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Proposal: Let's drop i386


I hate to interject this late in the thread, but I think we need to
clarify what the discussion actually entails.

On the #ubuntu-release IRC channel, it became clear that the purpose of
this thread was not entirely clear, so we need to clarify specifically:

Are we discussing dropping support for i386 *installation images*, or
are we talking about dropping i386 altogether, including in the
repositories in general?

I don't particularly have a care one way or another for the installation
images, as all my infrastructure is either amd64 powered or ARM powered.

However, killing i386 support globally could introduce issues, including
but not limited to certain upstream softwares having to go away
entirely, due to the interdependency or issues with how certain apps
work (read; Wine, 32-bit support, 64-bit support being flaky, and
Windows apps being general pains in that they work on 32bit but not
always on 64-bit).

So with the scope of this email chain, I would like to request a
clarification before we go forward much more with this email chain: Are
we discussing dropping 32-bit for *installer images* this cycle, or are
we talking about the complete global death of i386 as a supported

(I can see both sides of the argument, but it's important to
differentiate for the purposes of this chain)


On 05/09/2018 10:34 PM, Simon Quigley wrote:
> Hello, On 05/09/2018 04:29 PM, Walter Lapchynski wrote: <snip />
>>> here are some i386 to amd64 ratios for 18.04: Lubuntu cdimage - 0.87 
>> And there is my concern. That says the vast majority of Lubuntu's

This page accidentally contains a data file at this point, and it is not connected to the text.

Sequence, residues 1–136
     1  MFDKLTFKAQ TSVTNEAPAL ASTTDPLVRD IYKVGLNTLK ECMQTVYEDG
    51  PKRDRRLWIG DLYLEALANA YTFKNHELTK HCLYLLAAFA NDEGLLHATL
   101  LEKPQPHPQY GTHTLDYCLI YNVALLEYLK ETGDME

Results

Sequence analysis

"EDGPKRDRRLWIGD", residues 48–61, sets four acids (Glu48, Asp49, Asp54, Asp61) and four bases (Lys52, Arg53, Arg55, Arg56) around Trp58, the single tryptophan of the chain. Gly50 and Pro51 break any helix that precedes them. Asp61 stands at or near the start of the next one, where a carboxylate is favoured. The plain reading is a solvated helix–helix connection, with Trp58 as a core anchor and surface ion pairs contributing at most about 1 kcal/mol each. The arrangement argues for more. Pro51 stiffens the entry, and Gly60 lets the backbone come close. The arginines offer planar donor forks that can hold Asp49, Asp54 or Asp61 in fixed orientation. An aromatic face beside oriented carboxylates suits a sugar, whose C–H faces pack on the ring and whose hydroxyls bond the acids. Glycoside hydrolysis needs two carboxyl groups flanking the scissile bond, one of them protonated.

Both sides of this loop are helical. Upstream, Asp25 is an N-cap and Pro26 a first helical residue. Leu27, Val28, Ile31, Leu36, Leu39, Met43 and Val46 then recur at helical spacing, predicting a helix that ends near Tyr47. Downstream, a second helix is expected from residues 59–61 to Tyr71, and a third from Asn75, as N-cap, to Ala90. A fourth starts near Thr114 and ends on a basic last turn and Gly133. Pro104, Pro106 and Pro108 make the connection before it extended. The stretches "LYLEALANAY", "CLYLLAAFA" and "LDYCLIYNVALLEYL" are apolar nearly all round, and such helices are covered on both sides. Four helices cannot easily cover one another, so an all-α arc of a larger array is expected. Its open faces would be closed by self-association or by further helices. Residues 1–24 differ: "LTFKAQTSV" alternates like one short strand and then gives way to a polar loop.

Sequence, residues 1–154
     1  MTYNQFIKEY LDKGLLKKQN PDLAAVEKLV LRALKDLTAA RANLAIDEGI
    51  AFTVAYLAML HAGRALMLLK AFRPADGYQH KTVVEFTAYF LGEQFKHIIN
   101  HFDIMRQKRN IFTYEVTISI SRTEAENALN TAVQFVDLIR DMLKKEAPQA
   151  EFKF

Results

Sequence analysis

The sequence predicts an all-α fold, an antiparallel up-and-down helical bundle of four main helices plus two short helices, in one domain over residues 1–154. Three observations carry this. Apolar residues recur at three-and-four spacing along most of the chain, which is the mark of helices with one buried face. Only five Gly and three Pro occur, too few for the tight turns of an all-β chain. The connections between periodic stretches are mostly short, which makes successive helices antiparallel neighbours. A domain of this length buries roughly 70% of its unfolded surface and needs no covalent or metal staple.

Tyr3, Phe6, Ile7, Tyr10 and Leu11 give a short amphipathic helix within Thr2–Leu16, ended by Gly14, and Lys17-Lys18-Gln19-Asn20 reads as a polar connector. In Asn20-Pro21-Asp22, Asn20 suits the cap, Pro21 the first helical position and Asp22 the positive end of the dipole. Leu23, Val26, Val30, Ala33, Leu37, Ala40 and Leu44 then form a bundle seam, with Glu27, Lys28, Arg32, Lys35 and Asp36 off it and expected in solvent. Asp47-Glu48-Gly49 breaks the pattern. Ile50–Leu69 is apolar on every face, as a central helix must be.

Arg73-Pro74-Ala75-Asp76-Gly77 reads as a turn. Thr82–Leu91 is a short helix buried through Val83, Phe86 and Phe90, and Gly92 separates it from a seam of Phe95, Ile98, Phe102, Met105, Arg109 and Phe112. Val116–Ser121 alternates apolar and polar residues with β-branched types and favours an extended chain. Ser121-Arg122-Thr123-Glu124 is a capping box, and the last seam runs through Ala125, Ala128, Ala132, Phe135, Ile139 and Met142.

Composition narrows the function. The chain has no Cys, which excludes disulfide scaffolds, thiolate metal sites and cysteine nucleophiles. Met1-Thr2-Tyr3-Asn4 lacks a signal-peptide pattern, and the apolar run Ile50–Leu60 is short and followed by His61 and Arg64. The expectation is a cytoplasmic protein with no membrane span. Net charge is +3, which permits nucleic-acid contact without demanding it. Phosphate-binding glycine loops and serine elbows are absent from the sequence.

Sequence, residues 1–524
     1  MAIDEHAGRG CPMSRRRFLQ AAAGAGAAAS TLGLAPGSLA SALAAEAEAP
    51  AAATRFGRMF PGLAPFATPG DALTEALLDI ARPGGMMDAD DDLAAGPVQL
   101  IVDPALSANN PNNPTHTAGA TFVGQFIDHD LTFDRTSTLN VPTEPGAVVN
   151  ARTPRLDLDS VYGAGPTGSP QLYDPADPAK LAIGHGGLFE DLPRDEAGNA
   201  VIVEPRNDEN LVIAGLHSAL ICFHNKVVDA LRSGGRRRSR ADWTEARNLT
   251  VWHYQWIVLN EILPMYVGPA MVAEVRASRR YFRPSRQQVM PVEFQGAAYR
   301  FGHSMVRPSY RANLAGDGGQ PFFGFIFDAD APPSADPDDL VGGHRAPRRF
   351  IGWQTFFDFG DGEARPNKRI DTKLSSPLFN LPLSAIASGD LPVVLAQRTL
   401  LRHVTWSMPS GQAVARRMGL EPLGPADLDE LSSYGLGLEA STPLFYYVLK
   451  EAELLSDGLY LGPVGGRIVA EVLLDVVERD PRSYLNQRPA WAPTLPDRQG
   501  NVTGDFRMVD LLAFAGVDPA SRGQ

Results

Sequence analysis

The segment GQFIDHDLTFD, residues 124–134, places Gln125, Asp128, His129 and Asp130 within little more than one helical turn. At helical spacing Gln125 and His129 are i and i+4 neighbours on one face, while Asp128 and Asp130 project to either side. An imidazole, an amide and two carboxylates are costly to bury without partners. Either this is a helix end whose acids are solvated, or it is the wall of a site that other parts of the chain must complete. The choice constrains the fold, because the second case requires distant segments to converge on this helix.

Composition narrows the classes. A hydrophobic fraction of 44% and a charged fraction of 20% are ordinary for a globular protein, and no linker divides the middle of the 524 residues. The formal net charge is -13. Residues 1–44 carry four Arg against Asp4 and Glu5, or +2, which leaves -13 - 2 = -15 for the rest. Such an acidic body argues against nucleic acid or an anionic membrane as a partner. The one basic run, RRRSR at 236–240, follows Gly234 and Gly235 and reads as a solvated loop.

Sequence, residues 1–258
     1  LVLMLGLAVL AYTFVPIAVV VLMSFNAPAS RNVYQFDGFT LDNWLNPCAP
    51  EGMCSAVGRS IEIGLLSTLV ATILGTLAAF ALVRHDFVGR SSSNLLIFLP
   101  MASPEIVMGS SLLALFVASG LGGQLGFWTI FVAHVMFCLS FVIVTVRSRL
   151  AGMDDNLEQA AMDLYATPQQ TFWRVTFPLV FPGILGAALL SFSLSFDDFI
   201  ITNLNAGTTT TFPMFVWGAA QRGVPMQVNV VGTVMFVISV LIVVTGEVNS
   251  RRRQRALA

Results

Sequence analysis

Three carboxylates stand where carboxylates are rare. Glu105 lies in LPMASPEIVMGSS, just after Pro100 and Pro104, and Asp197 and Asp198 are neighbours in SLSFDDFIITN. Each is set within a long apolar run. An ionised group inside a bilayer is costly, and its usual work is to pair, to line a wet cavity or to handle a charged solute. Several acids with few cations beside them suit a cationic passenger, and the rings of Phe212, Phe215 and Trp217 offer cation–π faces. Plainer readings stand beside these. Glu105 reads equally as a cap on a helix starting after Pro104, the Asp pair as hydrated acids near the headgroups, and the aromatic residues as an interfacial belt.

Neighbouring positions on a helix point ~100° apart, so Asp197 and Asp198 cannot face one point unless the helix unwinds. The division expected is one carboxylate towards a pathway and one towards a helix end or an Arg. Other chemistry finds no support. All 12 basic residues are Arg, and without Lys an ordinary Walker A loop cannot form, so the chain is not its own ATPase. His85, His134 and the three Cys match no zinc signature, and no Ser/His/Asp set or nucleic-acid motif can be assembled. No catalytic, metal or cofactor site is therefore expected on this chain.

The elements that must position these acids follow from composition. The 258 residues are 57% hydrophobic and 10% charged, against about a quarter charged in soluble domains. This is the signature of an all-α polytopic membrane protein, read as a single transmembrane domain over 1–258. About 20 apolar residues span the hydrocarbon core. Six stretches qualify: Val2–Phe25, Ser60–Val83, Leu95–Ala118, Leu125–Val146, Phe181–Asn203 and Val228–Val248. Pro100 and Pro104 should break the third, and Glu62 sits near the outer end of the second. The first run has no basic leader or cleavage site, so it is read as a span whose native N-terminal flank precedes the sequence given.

>> users are using i386. The question becomes whether or not they have
>> to. There has been documentation all over the place to download i386
>> if you don't know which is the right one and so people may still be
>> running on this. So maybe the number is skewed. But if it's not, does
>> this mean Lubuntu becomes irrelevant? 
> You're misreading the statistics. *Less* people use i386, not more. 87
> i386 users per 100 amd64 users. Additionally, with Lubuntu modernizing
> a bit, I would argue that Lubuntu can and will still stay relevant in
> the future. This is before we dropped LXDE, and it's the LTS. We can
> judge whether or not Lubuntu is still relevant by seeing how the LXQt
> transition plays out. Also, to be fair, Lubuntu 18.04 could be
> considered for sort of a niche audience; people who need to run Linux
> (specifically, with LXDE and Ubuntu) on older machines. Lubuntu's LXQt
> transition does modernize things a bit, while still preserving some of
> those light selling points. I would also not use this as a determining
> factor, because we have no idea how things will look three years from
> now. My best guess is that i386 users will drastically diminish.
>>> The first step would be to all agree on dropping images/installers
>>> but we should keep the end goal of dropping the port in mind ideally
>>> soon as well. 
>> Maybe keeping only the netboot image might make sense? 
> If the port goes away entirely, so will the netboot images.